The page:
THE CENSOR: The censor is the house detective of the radio network. The censor is usually a man with no sense of humor who is so narrow-minded he thinks in strips. He comes to his job equipped with nothing but a blue pencil and the right-of-way. The censor can find dirt in an infant’s glance. The height of a censor’s ambition is to delete everything in a comedian’s script. The censor would like to hear the comedian at the microphone reading nothing but punctuation.
THE STOOGE: The stooge is the unhappiest character in radio. He knows that he is funnier than the comedian. His wife is forever reminding him. The stooge is always stalking the comedian demanding bigger billing more money or funnier lines. Utopia will strive when the stooge has his own program and the comedian is working for him.
THE SPONSOR: The comedian's sponsor is cannon happy. The sponsor was the first man to shoot a rice grain, out of a cannon. Every employee in the sponsor's factory has been shot out of a cannon. The sponsor himself has been shot but of a cannon. The sponsor's new breakfast food is called "Bang!" Bang not only sparkles, snaps and crackles, as it is being eaten, Bang explodes in babies' mouths. The sponsor wants these startling facts brought out in the commercials. The Bang commercials get longer and longer. The comedian doesn't dare complain. The comedian knows that the sponsor doesn't have to put him in a cannon to fire him.
THE STUDIO AUDIENCE: The studio audience is a mass of negative flotsam. Open the door of a radio studio at any hour of the day or night and a faceless group will flock inside to participate in quiz programs, community sings or to laugh and applaud as directed. Where they come from, where they go, nobody knows. Rumor hath it that most studio audiences are cannibals. They eat masters of ceremonies, they trap behind washing machines, electric stoves and other quiz bait. The studio audience is the bane of the comedian's existence. While he is trying to please the listeners at home he has to indulge in some low comedy to entertain his studio audience. The comedian knows that any joke an inch off the ground will be over the studio audience's head.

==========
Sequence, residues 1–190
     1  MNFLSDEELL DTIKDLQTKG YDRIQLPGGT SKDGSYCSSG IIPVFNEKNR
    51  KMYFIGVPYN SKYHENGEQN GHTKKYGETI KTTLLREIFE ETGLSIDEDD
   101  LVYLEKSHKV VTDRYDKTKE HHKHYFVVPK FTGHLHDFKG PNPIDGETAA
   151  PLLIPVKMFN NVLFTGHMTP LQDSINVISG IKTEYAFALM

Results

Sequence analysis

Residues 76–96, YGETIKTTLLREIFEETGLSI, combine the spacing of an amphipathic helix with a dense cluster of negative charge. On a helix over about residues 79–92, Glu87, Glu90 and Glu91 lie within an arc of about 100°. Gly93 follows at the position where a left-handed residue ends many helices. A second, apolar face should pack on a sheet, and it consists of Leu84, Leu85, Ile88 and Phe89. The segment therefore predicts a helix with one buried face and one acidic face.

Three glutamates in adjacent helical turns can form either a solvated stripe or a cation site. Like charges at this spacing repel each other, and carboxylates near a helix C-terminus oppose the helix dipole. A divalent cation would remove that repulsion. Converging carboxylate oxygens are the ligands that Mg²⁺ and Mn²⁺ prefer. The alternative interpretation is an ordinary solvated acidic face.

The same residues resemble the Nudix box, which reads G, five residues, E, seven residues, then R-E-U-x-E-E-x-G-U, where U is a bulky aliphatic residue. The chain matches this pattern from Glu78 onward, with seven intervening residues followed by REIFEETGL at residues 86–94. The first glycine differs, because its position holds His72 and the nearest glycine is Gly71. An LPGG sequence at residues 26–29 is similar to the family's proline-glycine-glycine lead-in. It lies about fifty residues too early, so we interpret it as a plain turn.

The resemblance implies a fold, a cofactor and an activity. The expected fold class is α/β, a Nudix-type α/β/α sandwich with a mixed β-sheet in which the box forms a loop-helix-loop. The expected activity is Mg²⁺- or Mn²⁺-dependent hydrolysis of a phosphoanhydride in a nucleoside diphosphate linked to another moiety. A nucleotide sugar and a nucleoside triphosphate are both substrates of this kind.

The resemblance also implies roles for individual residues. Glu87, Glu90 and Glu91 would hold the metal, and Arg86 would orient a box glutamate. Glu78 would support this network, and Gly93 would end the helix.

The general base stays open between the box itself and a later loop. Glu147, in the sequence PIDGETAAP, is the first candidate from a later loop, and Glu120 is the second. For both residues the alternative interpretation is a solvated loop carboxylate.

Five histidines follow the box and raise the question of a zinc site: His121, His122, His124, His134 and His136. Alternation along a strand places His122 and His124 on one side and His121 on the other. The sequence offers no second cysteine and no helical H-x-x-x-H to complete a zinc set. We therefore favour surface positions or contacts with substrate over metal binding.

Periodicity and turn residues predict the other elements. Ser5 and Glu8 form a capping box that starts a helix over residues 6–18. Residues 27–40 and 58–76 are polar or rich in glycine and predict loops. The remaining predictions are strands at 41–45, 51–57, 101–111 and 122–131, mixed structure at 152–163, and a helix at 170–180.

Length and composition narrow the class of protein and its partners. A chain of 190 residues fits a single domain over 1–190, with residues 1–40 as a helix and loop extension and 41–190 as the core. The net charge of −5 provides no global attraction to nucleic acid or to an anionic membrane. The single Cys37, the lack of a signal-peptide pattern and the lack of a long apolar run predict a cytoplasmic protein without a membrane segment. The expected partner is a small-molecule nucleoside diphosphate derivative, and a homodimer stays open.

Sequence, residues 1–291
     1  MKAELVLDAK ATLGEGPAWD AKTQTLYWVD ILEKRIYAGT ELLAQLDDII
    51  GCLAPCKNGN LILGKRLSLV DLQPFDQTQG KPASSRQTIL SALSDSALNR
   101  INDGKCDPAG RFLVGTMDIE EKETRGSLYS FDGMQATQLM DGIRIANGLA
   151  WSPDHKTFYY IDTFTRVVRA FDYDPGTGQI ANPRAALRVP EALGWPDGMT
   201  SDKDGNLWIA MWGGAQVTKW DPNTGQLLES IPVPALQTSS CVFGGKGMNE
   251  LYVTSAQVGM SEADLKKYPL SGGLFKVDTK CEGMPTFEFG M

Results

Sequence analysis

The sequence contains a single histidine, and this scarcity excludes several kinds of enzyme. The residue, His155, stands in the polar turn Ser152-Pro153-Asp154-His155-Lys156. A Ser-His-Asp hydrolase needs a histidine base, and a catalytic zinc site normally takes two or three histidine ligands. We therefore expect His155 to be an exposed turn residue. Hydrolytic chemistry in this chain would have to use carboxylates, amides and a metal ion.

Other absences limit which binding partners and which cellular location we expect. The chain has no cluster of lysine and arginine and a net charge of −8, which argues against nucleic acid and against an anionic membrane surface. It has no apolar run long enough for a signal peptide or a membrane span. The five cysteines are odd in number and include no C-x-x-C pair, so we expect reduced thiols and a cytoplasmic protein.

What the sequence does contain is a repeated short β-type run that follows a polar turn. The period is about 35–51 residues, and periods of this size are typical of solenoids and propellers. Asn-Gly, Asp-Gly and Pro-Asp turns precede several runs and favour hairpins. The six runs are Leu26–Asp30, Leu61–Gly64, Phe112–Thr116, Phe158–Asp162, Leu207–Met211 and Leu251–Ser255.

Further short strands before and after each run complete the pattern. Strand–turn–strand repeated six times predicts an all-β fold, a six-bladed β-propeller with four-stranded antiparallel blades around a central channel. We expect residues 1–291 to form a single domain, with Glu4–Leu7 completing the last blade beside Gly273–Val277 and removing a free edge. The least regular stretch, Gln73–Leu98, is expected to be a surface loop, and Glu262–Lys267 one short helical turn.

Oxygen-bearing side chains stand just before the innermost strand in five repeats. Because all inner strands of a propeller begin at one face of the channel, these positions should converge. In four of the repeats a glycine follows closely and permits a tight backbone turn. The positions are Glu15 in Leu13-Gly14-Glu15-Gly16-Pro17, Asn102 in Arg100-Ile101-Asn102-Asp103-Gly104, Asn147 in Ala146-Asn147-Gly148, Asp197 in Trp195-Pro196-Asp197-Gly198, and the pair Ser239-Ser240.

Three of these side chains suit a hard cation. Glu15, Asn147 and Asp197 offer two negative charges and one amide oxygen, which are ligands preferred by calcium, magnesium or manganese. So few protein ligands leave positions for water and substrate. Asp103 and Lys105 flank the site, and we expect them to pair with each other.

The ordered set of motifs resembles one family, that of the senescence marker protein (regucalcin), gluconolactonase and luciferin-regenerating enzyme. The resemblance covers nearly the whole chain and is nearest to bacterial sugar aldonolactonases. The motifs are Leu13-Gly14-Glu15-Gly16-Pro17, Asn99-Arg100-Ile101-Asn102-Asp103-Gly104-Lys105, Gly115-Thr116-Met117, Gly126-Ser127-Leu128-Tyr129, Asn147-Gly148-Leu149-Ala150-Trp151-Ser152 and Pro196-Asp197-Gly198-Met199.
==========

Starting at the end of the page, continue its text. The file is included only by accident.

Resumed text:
THE AGENCY EXECUTIVE: The agency executive is a man who has read "The Hucksters" and passed the Gardenia Test (The Gardenia Test is used by all reputable advertising agencies. The potential executive is seated at a desk. A gardenia is pinned to his lapel. If he has sufficient strength to rise to his feet bearing the weight of the gardenia, the applicant is dubbed executive, fitted for a swivel and welcomed into the agency fold.) The agency man must be able to drink cocktails at lunch and annoy the radio comedian at rehearsal by not laughing at his gags. The agency executive has his finger on the pulse of the nation, when he removes the finger from the pulse of the nation, the comedian has something to worry about.
THE GUEST STAR: The guest star is generally a temperamental Hollywood glamor girl. When the script is finished she insists that most of the jokes be rewritten. Her agent demands that the guest star's last three pictures, "Zombie in the Oven", "Chuck Wagon Clarisse" and "She Couldn't Say Maybe", be mentioned in the dialogue. When the program is over; the comedian hears one laugh. It is the guest star as she takes her cheque.